April 2008

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With just three weeks until president-elect Ma Ying-jeou’s inauguration, many Taiwanese and their friends and relatives abroad are experiencing a sense of optimism, perhaps best expressed in the frequent utterances of the phrase mashang jiuhao 馬上就好, which can mean either “Everything will ready right away” or “Things will get better as soon as Ma takes power”. At the same time, however, there is also a growing sense of trepidation about some of the challenges facing the in-coming Ma administration:

1. To begin with, much of Taiwan’s non-Mainlander population has yet to be convinced that the new administration will be sensitive to their needs. For example, when the first round of cabinet appointments was announced, more than a few eyebrows were raised about the sizeable percentage of Mainlanders in the cabinet (as of this posting, approximately 25% of the new cabinet appointees were Mainlanders, who make up about 15% of Taiwan’s total population). Others voiced dismay that southern Taiwanese elites like Chan Chi-hsien 詹啟賢, who worked hard to get out the vote for the Ma campaign, ended up being passed over for key positions. While the latest round of appointments has proven somewhat less controversial (at least in terms of sub-ethnic politics, but see #2 and #3 below), people will still be watching to see how things develop.

A related and perhaps even thornier issue is that of transitional justice (轉型正義), and in particular what to do about the Chiang Kai-shek Memorial Hall (國立中正紀念堂), which President Chen Shui-bian’s administration attempted to rename as the National Taiwan Democracy Memorial Hall (國立台灣民主紀念館), only to have its efforts blocked by the Legislative Yuan. A similar problem surrounds the Cihhu Presidential Burial Palace (慈湖陵寢), to which Ma paid an emotional visit shortly after his election (see previous blogposts for discussions of these two sites). Concerns have also been expressed by the appointment of Wang Ching-feng 王清峰, former convener of the March 19 Shooting Truth Investigation Special Committee (三一九槍擊事件真相調查特別委員會), to the position of Minister of Justice.

2. A second challenge involves the merits of bringing back officials from previous KMT administrations, which has given rise to a sense of “meet the new boss, same as the old boss” (from The Who’s rock classic “Won’t Get Fooled Again”). One Chinese expression currently being used to describe the situation is “old wine in new bottles” (老酒裝新瓶), although some wags prefer “old wine in old bottles” (老酒裝老瓶). While administrative experience can be most valuable, questions have been raised about when the younger generation will get its chance. There is also a pressing need to avoid returning to the corrupt politics of previous decades of one-party rule, especially since the overwhelming KMT majority in the Legislative Yuan bodes ill for the prospect of checks and balances. After years of voiciferous complaints about corruption during Chen Shui-bian’s presidency, it would be particulalry ironic if this spectre were to haunt his successor.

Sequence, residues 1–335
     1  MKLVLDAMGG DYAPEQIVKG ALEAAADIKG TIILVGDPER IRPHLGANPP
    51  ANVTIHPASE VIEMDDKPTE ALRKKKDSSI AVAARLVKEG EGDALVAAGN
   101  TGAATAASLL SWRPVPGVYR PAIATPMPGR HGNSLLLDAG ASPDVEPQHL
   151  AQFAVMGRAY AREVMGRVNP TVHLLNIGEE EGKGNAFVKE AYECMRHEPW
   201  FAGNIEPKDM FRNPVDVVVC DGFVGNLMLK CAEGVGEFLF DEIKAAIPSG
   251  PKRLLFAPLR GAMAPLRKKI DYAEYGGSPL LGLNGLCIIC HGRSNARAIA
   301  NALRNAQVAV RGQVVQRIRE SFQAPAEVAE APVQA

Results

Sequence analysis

Another disturbing harbinger is a proposal put forth by the Soochow University (東吳大學) administration to restrict faculty participation in political talk shows. Although this proposal failed to pass the faculty senate, one professor is said to have withdrawn from a pro-green talk show due to pressure from the university authorities, including the Board of Directors. The current President of Soochow University is none other than Premier-designate Liu Chao-shiuan 劉兆玄, another former KMT official who has served as Minister of Transportation (1993) and Vice-Premier (1997).

3. Achieving a suitable framework for talks with China constitutes the third challenge. In the short term, establishing direct links and allowing Chinese tourists into Taiwan should not be too difficult to achieve, especially since the PRC seems highly willing to display its magnanimity in light of the Tibet fiasco. Things will get tougher as soon as issues of sovereignty are raised, however, as the Ma administration will have to convince the people, and especially the 42% of voters (over 5.4 million people) who supported the DPP, that it will not “sell out” to China. The utility of the so-called “1992 Consensus” (九二共識) in future negotiations also remains to be seen, while the appointment of “deep green” former Taiwan Solidarity Union (台聯) legislator Lai Hsin-yuan 賴幸媛 as chairperson of the Mainland Affairs Council (陸委會) has succeeded in offending many KMT members, some of whom are striving to assert their own authority over future negotiations. And, as if the situation wasn’t complex enough, the Ma administration will have to balance its desire for improved cross-Straits relations with the strategic needs of Japan and especially the United States, which will welcome exit of “troublemaker” Chen but may be wary of Taiwan’s becoming too cozy with China. (See also the analysis by Ting Yu-chou 丁渝洲, a former head of the National Security Bureau (國家安全局) during KMT rule)